Hall Cross Academy
- Hall Cross Academy
- Head: Ms Pippa Dodgshon
- T 01302 320626
- F 01302 322190
- E [email protected]
- W hallcrossacademy.co.uk
- A state school for boys and girls aged from 11 to 18.
- Boarding: No
- Local authority: Doncaster
- Pupils: 1945
- Religion: Does not apply
- Latest Overall effectiveness Good 1
- Effectiveness of leadership and management Good 2
- 1 Short inspection 13th March 2018
- 2 Full inspection 30th April 2014
Short inspection reports only give an overall grade; you have to read the report itself to gauge whether the detailed grading from the earlier full inspection still stands.
- Previous Ofsted grade: Requires improvement on 12th December 2012
- Ofsted report: View the Ofsted report
What the school says...
Converted to an academy 2012
This is not currently a GSG-reviewed school.
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Overall school performance (for comparison or review only)
Results by exam and subject
Special Education Needs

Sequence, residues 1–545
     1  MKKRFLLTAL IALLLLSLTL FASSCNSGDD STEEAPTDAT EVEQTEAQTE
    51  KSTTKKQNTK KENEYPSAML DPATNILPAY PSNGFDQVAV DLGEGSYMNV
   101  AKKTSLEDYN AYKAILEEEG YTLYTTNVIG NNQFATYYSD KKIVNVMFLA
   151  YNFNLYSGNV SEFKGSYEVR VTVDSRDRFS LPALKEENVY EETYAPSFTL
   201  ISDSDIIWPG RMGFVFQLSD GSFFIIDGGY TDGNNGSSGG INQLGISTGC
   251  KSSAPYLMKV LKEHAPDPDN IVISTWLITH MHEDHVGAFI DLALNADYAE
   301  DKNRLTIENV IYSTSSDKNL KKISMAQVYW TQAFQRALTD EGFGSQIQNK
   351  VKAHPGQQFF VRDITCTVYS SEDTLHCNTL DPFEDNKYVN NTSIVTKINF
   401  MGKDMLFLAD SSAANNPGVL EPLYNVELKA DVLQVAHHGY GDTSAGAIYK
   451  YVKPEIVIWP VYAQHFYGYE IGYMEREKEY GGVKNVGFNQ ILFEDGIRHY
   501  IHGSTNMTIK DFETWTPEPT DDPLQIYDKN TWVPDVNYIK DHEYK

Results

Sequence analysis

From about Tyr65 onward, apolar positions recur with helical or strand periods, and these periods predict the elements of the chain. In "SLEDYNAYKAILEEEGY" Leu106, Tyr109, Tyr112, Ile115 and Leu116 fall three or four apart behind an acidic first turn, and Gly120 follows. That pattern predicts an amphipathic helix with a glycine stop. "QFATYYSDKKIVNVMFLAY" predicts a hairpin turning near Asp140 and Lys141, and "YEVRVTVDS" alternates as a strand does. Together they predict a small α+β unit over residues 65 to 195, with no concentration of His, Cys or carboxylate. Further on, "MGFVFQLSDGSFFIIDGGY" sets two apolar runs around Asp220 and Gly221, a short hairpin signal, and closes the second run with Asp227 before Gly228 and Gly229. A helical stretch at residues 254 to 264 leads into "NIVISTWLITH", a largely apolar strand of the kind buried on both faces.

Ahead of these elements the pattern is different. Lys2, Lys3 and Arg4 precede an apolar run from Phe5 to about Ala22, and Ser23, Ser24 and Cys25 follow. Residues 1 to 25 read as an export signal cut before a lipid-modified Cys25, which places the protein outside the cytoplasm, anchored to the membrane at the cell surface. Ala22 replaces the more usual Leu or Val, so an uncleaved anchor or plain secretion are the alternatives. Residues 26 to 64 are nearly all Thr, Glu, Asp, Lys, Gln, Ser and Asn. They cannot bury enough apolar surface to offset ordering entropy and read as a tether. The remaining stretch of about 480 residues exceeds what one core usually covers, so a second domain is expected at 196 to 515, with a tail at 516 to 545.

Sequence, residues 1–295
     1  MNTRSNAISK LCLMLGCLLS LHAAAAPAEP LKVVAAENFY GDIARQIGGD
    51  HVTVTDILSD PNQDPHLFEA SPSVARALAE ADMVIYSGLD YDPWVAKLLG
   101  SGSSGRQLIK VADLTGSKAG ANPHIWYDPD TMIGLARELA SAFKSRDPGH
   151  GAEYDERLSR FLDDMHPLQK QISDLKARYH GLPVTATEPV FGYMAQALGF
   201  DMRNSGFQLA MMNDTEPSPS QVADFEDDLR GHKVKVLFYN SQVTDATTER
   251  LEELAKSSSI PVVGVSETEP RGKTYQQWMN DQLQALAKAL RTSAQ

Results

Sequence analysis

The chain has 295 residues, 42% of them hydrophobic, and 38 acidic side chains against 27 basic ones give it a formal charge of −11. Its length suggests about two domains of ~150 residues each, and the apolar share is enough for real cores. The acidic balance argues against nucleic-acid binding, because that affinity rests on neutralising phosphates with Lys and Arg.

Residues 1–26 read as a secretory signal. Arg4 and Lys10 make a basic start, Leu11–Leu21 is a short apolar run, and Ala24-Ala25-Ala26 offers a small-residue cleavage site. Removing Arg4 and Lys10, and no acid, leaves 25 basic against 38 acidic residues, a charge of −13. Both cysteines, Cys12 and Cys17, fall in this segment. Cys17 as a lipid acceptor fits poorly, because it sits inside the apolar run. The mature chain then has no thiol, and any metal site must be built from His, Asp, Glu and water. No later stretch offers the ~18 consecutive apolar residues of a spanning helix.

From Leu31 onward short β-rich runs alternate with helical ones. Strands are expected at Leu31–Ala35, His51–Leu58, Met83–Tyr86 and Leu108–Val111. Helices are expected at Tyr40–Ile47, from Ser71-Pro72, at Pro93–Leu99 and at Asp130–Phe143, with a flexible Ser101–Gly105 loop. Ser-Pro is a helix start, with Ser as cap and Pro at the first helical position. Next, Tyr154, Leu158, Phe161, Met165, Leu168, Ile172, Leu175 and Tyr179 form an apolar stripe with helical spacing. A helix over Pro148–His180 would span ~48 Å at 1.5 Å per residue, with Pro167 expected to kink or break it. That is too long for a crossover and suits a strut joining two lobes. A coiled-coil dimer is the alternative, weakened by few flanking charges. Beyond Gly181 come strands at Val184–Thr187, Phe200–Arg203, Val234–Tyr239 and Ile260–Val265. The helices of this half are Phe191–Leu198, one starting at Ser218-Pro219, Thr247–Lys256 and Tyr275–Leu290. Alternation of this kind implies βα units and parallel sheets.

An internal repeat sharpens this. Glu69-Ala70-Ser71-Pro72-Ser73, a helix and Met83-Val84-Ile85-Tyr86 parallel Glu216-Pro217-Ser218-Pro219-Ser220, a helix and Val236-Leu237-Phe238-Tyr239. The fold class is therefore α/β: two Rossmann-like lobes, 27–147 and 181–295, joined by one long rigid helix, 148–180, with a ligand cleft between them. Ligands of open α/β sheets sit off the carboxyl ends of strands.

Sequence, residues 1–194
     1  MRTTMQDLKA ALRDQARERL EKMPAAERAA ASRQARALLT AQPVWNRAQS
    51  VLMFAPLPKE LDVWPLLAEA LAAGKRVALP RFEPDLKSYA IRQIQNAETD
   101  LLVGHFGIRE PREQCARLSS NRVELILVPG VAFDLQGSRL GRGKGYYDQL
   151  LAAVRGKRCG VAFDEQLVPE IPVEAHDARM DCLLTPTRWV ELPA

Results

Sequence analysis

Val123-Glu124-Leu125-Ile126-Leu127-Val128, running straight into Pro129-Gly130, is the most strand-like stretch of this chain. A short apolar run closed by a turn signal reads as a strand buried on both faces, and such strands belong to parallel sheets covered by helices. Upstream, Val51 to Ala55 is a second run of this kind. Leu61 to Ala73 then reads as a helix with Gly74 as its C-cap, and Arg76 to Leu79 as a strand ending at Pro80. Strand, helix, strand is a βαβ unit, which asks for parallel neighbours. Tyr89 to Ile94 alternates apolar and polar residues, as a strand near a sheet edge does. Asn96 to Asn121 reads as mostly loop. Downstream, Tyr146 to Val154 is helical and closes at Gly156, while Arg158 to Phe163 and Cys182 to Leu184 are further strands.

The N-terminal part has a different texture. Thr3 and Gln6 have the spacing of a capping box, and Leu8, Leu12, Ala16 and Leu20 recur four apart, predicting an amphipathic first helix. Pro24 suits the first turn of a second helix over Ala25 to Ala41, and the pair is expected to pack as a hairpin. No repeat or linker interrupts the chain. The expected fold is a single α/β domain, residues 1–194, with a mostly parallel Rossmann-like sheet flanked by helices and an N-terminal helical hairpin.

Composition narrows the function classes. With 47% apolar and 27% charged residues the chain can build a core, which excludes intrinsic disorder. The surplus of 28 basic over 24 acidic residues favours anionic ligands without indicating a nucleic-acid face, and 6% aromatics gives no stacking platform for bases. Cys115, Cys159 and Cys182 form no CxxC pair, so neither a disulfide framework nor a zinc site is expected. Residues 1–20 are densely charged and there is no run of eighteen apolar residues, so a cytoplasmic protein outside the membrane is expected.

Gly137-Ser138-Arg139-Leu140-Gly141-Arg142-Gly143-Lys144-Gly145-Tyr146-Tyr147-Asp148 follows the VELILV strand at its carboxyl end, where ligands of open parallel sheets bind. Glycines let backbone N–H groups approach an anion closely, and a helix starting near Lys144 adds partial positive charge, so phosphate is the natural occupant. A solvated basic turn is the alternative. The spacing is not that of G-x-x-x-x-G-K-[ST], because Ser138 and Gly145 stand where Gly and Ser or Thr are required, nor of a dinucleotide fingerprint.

Hall Cross School is a two site school. The Lower School is for KS3 students. The Upper School is for KS4 students and sixth formers. The SEN provision is different on each site. Lower School Standard courses we offer students on our register:- SuccessMaker - up to two lessons per week on reading, spelling and maths. The students follow an individually tailored learning programme Corrective Reading – one lesson a week to all students with a reading age less than 9 years. This is a structured reading scheme delivered in small groups and teaches decoding, encoding, word attack skills and basic comprehension and punctuation. Specialist Courses Specialist teaching for students with a statement for dyslexia. This may be available to students who do not have a statement but who we assess as having dyslexia. Also at upper school. Toe by Toe – a highly structured reading scheme delivered on a one to one basis by our highly trained teaching assistants for 15 minutes three times a week. Also at upper school. Typequick – a programme to teach keyboard skills to students with dyspraxia or students who have poor handwriting. Usually takes place three times a week during registration. Mastering Memory – delivered by trained teaching assistants who work with students who have been identified as having problems with their visual or auditory memory. This is usually delivered twice a week for about half a term during registration. Word Wasp – a highly structured spelling programme delivered by dyslexia specialist teachers to students who can read but have severe problems with spelling. The students have up to two 15 minute sessions per week when the specialist teacher can fit them in. Available at upper school also. Voice Activated software – training is available to any student who finds writing difficult but who has plenty of ideas and may be underachieving. Available at upper school also. DDAT – certain students are involved on this innovative, experimental programme. The programme is designed for students with dyslexia or dyspraxia and involves the students working twice daily with teaching assistants to do tailored exercises aimed at developing their cerebellum. The exercises are undertaken before school in the morning and during lesson 6 in the afternoon. The students involved will need to be allowed out of lesson 6 for approximately 15 minutes. Available at upper school also. In class support – all bottom set English classes receive one lesson per week support from SENCO who works with the English teacher on a structured reading scheme. Additional withdrawal Maths - support for less able pupils. Teaching assistants support statemented students in some of their English, Maths and Science lessons. Upper School Destinations – similar to SuccessMaker. Students in the lower sets at Maths and English work with a teacher and a specialist teaching assistant on basic English and numeracy tasks. Classes receive one lesson per week support from SENCO. Maths support by KS4 Co-coordinator in class. Behaviour counselling with KS4 Co-ordinator. In class support in English, Maths and Science with our expert teaching assistants who have specialised in specific subjects and they support our students with special reference to coursework. In class support – all bottom set English classes. What the SEN Dept can assess:- Reading age – there is a regular screening programme for all students on SEN list. Spelling age – this is assessed along with the reading age at specified times. Dyslexic screening – we can assess any student you feel may have a specific learning difficulty. Vision screening Visual perceptual difficulties – some students are sensitive to certain colours that cause them to have difficulties in reading and writing . Learning style – we can assess the preferred learning style of students. In Year 9 all students are screened to see if they qualifiy for access arrangements in public examinations.